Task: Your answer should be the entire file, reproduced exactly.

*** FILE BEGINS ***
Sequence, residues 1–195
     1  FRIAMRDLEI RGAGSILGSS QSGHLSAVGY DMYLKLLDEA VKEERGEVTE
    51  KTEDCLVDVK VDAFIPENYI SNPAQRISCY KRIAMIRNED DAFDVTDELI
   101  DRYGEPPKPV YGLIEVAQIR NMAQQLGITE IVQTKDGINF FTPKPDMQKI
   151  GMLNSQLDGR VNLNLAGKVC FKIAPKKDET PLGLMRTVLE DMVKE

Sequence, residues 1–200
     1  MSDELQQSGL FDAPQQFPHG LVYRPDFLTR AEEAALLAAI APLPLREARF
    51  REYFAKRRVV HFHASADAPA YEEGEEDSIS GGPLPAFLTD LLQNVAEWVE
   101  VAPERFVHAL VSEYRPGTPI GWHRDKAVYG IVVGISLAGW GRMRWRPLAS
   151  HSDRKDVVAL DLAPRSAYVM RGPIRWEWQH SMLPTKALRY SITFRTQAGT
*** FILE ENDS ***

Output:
Sequence, residues 1–195
     1  FRIAMRDLEI RGAGSILGSS QSGHLSAVGY DMYLKLLDEA VKEERGEVTE
    51  KTEDCLVDVK VDAFIPENYI SNPAQRISCY KRIAMIRNED DAFDVTDELI
   101  DRYGEPPKPV YGLIEVAQIR NMAQQLGITE IVQTKDGINF FTPKPDMQKI
   151  GMLNSQLDGR VNLNLAGKVC FKIAPKKDET PLGLMRTVLE DMVKE

Sequence, residues 1–200
     1  MSDELQQSGL FDAPQQFPHG LVYRPDFLTR AEEAALLAAI APLPLREARF
    51  REYFAKRRVV HFHASADAPA YEEGEEDSIS GGPLPAFLTD LLQNVAEWVE
   101  VAPERFVHAL VSEYRPGTPI GWHRDKAVYG IVVGISLAGW GRMRWRPLAS
   151  HSDRKDVVAL DLAPRSAYVM RGPIRWEWQH SMLPTKALRY SITFRTQAGT